A new season but the game is the same

If you didn’t like the 2011 deer season you probably will not like the 2012 season.

My wife and I spent the last week of July on the property at Camp David. It rained one afternoon and around 6 p.m. I made a round looking for the wild and elusive feral hog. I had killed five already and was looking for more pork for the freezer, but they did not want to come out and play. I deliberately walked the edge of a new plot I had planted with some late peas, sunflowers and sorghum looking for tracks but found none.

The next morning I was up early making the round again. I headed straight to the newly planted plot, and sure enough a deer had walked the edge of it and then headed into the strip of cowpeas. Just like the 2011 season, they were only coming out at night, but heck, the season hasn’t even started.

I crossed the creek and was heading toward the first hog bait site and noticed a porker had rooted all around the big water oak tree, no doubt searching for that last acorn. This tree was absolutely loaded with acorns last fall and you could not walk around without stepping on dozens of acorns.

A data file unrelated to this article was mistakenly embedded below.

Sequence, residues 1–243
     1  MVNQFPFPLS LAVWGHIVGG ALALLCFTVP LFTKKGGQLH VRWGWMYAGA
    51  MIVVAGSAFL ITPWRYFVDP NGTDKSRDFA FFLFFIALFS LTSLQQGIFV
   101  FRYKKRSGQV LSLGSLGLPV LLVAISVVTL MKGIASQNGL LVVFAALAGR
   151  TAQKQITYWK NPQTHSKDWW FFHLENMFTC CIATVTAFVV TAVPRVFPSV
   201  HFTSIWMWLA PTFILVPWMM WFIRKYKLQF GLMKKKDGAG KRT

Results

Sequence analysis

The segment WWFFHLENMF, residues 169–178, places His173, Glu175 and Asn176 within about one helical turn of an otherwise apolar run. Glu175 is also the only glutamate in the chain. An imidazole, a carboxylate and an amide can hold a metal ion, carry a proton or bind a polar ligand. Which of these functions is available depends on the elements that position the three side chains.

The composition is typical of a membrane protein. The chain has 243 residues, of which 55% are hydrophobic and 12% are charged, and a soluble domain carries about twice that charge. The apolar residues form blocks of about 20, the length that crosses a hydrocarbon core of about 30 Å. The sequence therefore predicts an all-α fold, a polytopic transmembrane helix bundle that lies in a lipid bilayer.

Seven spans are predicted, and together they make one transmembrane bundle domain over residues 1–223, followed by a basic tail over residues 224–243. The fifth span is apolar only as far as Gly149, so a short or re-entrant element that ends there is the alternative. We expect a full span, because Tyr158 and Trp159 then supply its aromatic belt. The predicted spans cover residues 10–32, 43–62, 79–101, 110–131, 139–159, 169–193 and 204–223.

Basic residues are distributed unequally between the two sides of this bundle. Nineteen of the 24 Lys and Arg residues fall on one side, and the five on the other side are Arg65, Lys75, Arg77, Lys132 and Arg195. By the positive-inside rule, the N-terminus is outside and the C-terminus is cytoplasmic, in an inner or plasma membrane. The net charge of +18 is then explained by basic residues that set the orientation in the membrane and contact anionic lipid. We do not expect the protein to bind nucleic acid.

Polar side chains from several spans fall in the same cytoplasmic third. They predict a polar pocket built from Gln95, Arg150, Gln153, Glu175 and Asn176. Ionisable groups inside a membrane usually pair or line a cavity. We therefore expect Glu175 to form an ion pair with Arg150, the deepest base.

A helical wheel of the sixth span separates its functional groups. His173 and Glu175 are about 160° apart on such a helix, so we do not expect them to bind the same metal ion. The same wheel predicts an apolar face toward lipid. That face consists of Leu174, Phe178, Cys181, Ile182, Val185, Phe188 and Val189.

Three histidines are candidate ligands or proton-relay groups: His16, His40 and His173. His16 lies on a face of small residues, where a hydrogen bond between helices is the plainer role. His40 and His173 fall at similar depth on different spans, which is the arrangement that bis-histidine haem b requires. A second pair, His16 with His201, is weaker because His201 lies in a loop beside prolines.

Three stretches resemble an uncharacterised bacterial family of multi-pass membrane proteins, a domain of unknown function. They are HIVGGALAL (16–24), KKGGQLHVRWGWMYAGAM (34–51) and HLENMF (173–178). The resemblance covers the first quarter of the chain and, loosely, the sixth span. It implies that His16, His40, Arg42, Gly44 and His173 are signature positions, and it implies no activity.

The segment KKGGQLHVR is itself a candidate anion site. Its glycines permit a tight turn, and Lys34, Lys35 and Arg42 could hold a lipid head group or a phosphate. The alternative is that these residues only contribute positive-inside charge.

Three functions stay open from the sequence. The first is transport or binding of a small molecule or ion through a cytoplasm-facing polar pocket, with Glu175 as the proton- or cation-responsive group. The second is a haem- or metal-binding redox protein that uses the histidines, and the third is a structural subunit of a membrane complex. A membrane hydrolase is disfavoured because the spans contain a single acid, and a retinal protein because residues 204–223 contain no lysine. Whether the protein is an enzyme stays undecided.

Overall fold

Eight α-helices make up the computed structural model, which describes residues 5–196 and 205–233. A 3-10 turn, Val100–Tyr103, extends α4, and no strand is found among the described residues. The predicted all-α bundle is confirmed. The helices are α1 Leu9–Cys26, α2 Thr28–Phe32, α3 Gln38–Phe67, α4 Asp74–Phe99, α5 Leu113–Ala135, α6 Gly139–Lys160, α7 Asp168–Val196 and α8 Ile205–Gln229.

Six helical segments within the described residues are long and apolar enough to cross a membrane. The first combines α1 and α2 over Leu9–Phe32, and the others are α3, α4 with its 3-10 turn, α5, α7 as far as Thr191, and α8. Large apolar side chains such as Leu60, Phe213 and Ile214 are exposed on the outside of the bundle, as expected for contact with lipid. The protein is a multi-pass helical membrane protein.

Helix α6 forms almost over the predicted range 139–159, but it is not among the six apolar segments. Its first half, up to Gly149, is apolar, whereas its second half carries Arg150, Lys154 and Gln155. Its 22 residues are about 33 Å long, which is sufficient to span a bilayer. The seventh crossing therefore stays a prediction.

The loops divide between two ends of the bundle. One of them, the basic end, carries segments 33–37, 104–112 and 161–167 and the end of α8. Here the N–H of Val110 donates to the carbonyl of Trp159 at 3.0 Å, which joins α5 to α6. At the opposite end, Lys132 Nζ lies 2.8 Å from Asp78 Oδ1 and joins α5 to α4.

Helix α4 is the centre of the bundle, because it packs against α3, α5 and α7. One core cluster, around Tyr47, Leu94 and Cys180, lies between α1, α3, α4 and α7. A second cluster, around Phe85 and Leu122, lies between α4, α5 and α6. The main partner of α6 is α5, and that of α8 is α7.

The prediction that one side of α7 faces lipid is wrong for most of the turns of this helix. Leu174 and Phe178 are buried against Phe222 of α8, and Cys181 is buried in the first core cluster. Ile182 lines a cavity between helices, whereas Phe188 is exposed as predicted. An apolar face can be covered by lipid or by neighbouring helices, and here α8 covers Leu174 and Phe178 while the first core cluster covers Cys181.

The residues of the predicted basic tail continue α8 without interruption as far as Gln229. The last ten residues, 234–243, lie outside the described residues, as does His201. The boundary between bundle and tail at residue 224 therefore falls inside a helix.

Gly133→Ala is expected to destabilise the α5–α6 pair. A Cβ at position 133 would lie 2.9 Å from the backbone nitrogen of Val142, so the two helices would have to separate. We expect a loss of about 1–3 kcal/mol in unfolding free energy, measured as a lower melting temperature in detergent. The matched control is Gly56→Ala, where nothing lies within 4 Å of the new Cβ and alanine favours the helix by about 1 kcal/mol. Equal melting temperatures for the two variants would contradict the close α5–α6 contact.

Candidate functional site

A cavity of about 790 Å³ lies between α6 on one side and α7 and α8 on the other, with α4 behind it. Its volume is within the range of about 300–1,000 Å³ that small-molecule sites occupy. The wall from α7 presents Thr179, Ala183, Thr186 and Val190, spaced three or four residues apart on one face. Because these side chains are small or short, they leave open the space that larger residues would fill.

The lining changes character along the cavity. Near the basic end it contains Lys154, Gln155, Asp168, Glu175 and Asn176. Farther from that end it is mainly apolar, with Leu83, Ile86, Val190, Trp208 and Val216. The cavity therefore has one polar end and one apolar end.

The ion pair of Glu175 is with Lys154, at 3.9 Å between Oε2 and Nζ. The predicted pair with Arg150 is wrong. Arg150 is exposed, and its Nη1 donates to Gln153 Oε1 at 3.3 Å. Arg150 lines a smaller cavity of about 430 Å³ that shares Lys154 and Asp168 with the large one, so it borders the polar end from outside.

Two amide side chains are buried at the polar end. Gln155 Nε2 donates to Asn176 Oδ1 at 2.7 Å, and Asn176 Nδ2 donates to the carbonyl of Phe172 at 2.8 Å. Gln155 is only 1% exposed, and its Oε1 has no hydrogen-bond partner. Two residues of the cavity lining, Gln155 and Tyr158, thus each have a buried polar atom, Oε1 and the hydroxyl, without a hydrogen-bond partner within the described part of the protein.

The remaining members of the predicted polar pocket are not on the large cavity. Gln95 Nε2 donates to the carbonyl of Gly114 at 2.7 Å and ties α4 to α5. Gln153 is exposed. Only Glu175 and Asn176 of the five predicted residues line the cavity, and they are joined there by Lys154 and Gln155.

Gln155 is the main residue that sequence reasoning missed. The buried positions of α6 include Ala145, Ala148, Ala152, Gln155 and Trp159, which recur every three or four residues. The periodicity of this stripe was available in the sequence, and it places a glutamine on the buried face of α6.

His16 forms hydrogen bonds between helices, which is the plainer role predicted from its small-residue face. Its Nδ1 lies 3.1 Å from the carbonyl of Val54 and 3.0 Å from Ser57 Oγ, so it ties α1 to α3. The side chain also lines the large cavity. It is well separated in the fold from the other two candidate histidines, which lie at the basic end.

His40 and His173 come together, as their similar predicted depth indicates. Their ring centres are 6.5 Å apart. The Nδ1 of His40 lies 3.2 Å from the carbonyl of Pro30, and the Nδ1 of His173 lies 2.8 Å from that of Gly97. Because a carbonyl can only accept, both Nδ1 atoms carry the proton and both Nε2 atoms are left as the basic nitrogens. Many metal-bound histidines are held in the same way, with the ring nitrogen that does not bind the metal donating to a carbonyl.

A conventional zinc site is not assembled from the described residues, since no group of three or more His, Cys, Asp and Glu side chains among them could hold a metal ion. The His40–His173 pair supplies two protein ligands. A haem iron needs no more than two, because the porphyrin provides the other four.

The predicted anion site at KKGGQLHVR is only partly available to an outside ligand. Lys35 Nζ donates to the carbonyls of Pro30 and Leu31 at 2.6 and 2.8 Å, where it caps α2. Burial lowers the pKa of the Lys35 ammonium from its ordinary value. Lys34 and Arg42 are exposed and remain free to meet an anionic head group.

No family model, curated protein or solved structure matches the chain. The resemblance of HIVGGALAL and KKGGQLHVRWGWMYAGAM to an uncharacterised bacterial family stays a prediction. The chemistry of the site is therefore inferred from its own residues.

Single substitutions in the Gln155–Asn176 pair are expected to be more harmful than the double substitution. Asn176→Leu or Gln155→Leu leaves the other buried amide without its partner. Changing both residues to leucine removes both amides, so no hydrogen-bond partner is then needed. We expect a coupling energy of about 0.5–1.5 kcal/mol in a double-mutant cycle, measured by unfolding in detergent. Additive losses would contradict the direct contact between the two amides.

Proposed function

Did the deer and hogs come out during the season and eat them? No, they waited until the season had ended, and then started working on them and now they have finally gleaned them all.

The tree again has an abundant acorn crop, as do most of the oaks that I have been looking at. The mast crop again appears to be very abundant, and hunters who spend their time at the feeders and food plots may be whining again about the lack of deer in the woods

A new season is starting, but the game is the same and the critters have the advantage unless you change it up.

The numbers from the Deer Program at LDWF again report a reduced deer harvest for 2011, less than 2010 and much less 2009.

The blame is being placed on low hunter reporting of harvested deer and low deer populations across the state due to drought, coyotes, hogs and habitat; other factors that must be considered include the tremendous mast crop in 2011 that kept deer movement to the bare minimum. Hunters who spent all their time at feeders and food plots just did not see deer.